Personal Wealth Management / Economics
Jobs and the Pessimism of Disbelief
What to glean from the “good jobs news is bad for stocks” mentality.
Coming into Friday’s US employment situation report, fear abounded. But, perhaps counterintuitively, the fear wasn’t that the data would support widespread recession narratives. No, most onlookers feared the opposite: that data would show a big payroll gain, suggesting labor markets remain tight—in turn, fostering more Fed hikes. There are myriad presumptions that underlie this good-data-are-bad-news theory, but above all, we think the inconsolable mood illustrates the “Pessimism of Disbelief” (PoD) in action—a sign sentiment is too low relative to reality.
Ahead of the release, we saw many headlines say signs of strong economic growth entail further Fed tightening. Those Fed hikes, proponents argue, will surely pummel stocks even more. As the thinking goes, ongoing labor shortages and supply constraints mean any growth in payrolls is inflationary. To fight inflation, the Fed has to crush job growth and induce recession if need be to bring prices to heel. Under these conditions, pundits argue the outlook for earnings isn’t great. Hence, good news is really bad news.
That was the general zeitgeist entering the release. Never mind that the link between jobs and inflation is tenuous at best. Never mind that rate hikes aren’t automatically bearish and that markets are very well aware the Fed is trying to tighten policy, limiting surprise power. Never mind that the Fed isn’t as powerful as many think.
Regardless, Friday’s data should have eased those fears, as the unemployment rate rose (for positive reasons) while hiring cooled. August nonfarm payroll gains of 315,000 slightly beat expectations for 300,000 (although the BLS revised the previous two months down by 107,000, so eye-of-the-beholder and all that). And, as Exhibit 1 shows, overall job growth has decelerated irregularly lately. The three-month average has noticeably slowed toward 300,000 from around 600,000 at the year’s start.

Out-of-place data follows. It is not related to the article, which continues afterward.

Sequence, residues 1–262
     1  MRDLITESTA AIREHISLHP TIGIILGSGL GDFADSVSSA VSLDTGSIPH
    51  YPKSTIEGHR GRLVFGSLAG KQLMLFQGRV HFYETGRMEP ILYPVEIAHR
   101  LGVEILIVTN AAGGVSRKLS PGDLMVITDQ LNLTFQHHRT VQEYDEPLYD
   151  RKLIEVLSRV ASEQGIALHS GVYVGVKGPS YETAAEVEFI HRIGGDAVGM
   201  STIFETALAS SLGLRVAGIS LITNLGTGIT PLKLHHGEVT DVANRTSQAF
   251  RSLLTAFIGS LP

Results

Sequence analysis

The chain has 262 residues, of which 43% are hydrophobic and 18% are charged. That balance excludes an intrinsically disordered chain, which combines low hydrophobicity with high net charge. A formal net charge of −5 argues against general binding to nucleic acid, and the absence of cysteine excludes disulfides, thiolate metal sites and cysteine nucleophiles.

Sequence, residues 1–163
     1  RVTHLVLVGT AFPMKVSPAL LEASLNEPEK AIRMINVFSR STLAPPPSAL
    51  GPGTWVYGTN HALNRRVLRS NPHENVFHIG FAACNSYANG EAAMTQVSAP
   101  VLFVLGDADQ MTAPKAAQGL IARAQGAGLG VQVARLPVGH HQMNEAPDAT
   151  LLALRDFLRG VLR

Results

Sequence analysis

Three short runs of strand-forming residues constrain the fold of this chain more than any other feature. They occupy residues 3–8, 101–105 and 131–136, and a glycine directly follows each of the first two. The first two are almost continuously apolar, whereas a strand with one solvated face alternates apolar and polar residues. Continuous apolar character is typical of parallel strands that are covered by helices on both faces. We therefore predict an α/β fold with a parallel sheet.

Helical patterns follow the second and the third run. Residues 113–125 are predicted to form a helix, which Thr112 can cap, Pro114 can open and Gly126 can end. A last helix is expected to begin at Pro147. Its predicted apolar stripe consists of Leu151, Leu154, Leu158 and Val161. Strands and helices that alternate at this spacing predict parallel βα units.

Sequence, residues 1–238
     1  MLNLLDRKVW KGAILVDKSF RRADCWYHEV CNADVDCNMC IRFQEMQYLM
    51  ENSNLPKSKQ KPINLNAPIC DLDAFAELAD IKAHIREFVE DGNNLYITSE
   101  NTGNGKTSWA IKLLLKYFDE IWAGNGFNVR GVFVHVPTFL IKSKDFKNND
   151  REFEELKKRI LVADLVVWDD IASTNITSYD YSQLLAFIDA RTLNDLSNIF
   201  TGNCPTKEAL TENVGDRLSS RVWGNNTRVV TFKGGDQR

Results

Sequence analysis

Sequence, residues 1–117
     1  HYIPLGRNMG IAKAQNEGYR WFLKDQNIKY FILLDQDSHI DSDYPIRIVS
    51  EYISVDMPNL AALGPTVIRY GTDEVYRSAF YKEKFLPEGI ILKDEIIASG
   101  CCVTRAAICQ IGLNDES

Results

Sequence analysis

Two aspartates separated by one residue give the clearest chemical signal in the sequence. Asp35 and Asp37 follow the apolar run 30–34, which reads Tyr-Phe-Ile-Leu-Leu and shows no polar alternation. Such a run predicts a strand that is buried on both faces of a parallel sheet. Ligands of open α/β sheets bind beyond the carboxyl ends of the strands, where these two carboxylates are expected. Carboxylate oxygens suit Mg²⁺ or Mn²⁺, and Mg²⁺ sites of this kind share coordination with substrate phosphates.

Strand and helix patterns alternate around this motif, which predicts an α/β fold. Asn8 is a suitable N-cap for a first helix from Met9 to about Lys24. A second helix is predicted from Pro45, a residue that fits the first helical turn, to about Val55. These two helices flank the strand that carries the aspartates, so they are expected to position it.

Exhibit 1: Employment Growth Has Generally Slowed From Last Year
Source: Federal Reserve Bank of St. Louis, as of 9/2/2022. Nonfarm payrolls, June 2021 – August 2022.
Meanwhile, the unemployment rate edged up to 3.7% from 3.5%, as labor force participation rose by a whopping 786,000—an increase not generally seen outside economic recovery from recession. More people are being drawn into the pool of available workers, but prospective employers aren’t immediately hiring them. A greater labor supply, one would think, should assuage pundits’ tight labor market concerns somewhat, considering it suggests the labor market has more slack than feared.
Yet pundits’ takes turned immediately to how the Fed would react. Most of the chatter surrounded the likelihood of another “jumbo” rate hike September 21 supposedly to quell inflation, “regardless of the potential economic fallout.”[i] Will it be a third-straight three-quarter point hike or just a half-point one? Presuming to know the collective mind of the Fed, they surmise “... policymakers at the Federal Reserve believe that the job market is effectively overheated: With twice as many open jobs as job seekers, employers are competing for workers by pushing up wages and, ultimately, prices. The Fed is hoping that by raising interest rates, it can cool off the job market enough to bring down inflation, but not by so much that unemployment skyrockets.”[ii] Still others cast the data negatively, arguing August’s tiny uptick in unemployment is evidence Fed hikes have already pushed the economy into recession—with the outlook for stocks bleak—as headlines warn: “The summer rally is over.”[iii]
We think all the Fed fear smacks of the Pessimism of Disbelief, a regular phenomenon we see near bear market troughs. Rather than take objectively good news as good, PoD either dismisses it or argues it is fleeting and sure to morph into even worse negatives. But a focus on false negatives—like solid, but late-lagging employment data with little implication for forward-looking stocks—shows how low expectations are now. Such downtrodden sentiment means relief and positive surprise—the forces that power early bull markets—is easier to attain. To us, it is one example showing the foundation of a market recovery is in place.
[i] “Solid August Jobs Report Leaves Another Jumbo Fed Rate Hike on the Table in September,” Megan Henney, FOXBusiness, 9/3/2022.
[ii] “U.S. Job Growth Slows From Red-Hot Pace,” Ben Casselman, The New York Times, 9/2/2022.
[iii] “Recession Watch: Stock Market Rally ‘Is Over’ as Unemployment Starts Rising and Fears Intensify,” Jonathan Ponciano, Forbes, 9/3/2022.
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*The content contained in this article represents only the opinions and viewpoints of the Fisher Investments editorial staff.
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